Poldark, in any iteration, is a series interested in class. Poldark is a minor member of a storied but increasingly impoverished house. His rival George Warleggan is the grandson of a blacksmith. New money. Warleggan suspects, and he is not wrong, that Poldark’s contempt for him is in part due to his class origins, but himself has far less sympathy with the systematically impoverished than his aristocratic adversary, believing they can work themselves out of a poverty as his family has.

The complications of this, as Poldark then marries beneath him, while George marries Poldark’s cousin-by-marriage and own first-and-lost love Elizabeth, twist through the series, even before both enter parliament. A development that enables the series to play out the great issues of the era through their local consequences and a personal rivalry. They are, of course, on opposite sides of the House. Warleggan, desperate to be part of the establishment, is a Tory Pittite. Poldark a follower of radical Whig Charles James Fox.

Does the easy dismissal of Poldark matter? Does success not speak for itself? Perhaps. But it is hard not to suspect that, like that other much dismissed, ratings-topping drama Call The Midwife, it happens because this is a series run by a female producer and largely (in Poldark’s case solely) written by women writers.

When Poldark comes back next year it will have outlasted the earlier adaptation in several different ways. It’s already overtaken it in terms of years on air and number of episodes produced, but more importantly, the 2019 series will be an adaptation of a book not included in the Seventies version. The 1977 series ended only because the BBC had run out of books to adapt. Graham had written book seven, The Angry Tide, while the series was being made, and it came out the same year the programme was transmitted, in a manner anticipating the fuss over Game of Thrones lapping its source novel series.

An eighth book, The Stranger from the Sea, would not appear until 1981. By then, the BBC had moved on. A daytime repeat of the series at the end of that decade drew record audiences for the time slot, and there was interest in reviving the series. In the end it was ITV who attempted an adaptation of the book, in 1996, but the single drama they made foundered on recasting all the surviving characters from the BBC series.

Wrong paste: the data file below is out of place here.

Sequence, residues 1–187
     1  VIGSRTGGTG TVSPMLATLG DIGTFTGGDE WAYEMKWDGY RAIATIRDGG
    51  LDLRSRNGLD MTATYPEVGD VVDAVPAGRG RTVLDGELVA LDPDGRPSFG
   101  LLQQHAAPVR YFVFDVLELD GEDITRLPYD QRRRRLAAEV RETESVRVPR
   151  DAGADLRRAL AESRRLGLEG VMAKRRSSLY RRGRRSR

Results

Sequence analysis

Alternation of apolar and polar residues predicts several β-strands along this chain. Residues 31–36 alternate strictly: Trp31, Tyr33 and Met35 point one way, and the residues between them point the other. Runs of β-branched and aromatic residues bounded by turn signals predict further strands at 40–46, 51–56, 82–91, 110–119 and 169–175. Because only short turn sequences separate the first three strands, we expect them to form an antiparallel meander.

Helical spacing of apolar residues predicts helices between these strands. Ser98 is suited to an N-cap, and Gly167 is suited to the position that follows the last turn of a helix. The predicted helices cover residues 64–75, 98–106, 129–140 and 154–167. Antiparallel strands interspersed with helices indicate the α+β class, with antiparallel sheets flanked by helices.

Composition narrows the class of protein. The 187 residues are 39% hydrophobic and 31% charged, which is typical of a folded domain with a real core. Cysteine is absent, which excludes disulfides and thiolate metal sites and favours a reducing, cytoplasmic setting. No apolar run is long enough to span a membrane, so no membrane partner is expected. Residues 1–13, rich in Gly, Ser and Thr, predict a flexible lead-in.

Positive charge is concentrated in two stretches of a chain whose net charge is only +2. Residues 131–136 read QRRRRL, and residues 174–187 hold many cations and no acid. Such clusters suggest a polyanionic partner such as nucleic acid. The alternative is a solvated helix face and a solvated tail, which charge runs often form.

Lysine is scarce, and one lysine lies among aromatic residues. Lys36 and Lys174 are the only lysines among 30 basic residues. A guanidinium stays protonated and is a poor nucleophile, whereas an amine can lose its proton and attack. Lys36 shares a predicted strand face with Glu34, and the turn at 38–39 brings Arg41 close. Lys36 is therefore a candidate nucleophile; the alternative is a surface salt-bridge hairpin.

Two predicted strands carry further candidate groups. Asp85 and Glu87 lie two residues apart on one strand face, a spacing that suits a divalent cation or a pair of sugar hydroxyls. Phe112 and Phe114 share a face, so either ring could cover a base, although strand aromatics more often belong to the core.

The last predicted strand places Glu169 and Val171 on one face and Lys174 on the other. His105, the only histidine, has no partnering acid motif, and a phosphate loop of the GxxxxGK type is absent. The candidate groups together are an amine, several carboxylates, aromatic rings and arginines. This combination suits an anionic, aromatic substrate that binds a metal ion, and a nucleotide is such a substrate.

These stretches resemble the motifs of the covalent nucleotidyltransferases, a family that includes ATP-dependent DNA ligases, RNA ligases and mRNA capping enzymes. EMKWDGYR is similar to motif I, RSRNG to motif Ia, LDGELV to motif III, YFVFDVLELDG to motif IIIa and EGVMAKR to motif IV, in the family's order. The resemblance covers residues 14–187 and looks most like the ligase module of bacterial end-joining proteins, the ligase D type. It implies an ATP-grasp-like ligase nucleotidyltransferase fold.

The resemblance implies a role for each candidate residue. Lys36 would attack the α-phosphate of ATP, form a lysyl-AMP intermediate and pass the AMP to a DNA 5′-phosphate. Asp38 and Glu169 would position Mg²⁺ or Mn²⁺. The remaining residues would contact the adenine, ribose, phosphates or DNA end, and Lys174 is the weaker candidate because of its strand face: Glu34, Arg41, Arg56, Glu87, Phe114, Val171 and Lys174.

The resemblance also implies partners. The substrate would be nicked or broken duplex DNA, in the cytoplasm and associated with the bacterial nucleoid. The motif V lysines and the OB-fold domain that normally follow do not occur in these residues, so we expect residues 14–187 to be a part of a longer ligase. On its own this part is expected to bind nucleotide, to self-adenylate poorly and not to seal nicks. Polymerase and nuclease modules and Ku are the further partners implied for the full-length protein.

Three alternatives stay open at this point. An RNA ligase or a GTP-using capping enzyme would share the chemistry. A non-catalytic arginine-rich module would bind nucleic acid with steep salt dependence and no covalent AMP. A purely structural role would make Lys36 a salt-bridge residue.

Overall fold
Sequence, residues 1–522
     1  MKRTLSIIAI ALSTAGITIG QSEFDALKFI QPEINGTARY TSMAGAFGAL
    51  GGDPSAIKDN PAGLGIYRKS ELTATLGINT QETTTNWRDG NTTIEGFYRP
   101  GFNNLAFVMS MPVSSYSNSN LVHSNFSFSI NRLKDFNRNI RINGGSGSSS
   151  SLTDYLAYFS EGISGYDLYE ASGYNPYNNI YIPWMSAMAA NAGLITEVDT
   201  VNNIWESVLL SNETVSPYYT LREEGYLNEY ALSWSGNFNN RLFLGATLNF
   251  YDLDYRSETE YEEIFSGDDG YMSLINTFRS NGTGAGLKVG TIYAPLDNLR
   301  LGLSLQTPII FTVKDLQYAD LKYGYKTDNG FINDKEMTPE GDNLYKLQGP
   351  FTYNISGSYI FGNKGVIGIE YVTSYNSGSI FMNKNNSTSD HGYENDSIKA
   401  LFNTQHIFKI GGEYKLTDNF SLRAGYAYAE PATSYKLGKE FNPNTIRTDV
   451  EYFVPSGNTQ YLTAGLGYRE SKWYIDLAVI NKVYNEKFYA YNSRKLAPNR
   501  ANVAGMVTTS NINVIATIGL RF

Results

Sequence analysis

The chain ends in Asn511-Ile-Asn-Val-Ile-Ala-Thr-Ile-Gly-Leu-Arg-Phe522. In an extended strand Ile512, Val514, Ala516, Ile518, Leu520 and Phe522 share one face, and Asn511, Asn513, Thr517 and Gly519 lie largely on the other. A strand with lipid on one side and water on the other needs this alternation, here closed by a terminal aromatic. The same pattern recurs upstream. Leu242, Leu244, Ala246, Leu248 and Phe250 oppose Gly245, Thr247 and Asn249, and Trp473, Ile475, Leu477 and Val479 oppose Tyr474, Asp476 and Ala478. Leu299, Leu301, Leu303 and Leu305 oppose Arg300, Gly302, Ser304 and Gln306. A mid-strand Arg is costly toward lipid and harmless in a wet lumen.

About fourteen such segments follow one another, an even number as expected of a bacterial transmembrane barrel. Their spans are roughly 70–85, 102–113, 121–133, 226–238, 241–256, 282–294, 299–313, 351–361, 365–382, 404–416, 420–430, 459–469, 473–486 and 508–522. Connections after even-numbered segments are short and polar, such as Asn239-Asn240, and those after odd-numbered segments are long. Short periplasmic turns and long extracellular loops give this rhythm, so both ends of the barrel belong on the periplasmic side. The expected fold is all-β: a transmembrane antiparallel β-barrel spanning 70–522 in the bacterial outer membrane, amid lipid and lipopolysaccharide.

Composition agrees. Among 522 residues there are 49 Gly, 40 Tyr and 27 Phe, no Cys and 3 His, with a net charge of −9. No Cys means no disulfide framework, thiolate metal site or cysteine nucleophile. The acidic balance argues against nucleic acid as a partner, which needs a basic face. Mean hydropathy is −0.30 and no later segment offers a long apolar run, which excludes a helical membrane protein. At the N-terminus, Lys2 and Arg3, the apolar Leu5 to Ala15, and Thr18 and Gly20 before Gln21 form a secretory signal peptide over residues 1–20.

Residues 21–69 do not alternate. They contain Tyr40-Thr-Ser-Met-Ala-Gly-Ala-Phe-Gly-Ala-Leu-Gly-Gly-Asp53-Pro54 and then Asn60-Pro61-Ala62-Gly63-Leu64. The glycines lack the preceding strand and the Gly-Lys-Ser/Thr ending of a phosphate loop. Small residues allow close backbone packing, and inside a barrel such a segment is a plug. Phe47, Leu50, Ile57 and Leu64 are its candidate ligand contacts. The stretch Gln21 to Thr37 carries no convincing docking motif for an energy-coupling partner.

This was not actually necessary, despite 20 years having passed. The Stranger from the Sea opens a good decade after the end of The Angry Tide, against the background of the Peninsular War, Ross and Demelza are nearing fifty and the younger generation of Poldarks and Warleggans, now adults, take centre stage.

It is this situation that the fifth series of Poldark will grapple with. You can hardly imagine the series’ current stars in grey wigs, let alone elaborate old age makeup. But it might become necessary. Graham wrote an additional four Poldark novels after 1981 taking the story of the Poldarks up to 1820. The last was published in 2002 the year before his death. Curiously, this means the series was written over nearly as twice as long as the already epic thirty-year period it covers.

Perhaps it won’t happen. It has been implied by “senior BBC sources” that the next series of this Poldark will, thanks to cast reluctance to continue, be the last, which would still leave four books unadapted. That would be a terrible shame. Popular but layered, reflecting on society as well as portraying it, Poldark is arguably what television drama is for.

Those seven million people better enjoy it while it lasts. Or be prepared to wait a decade for the cast and their characters’ ages to get back in sync.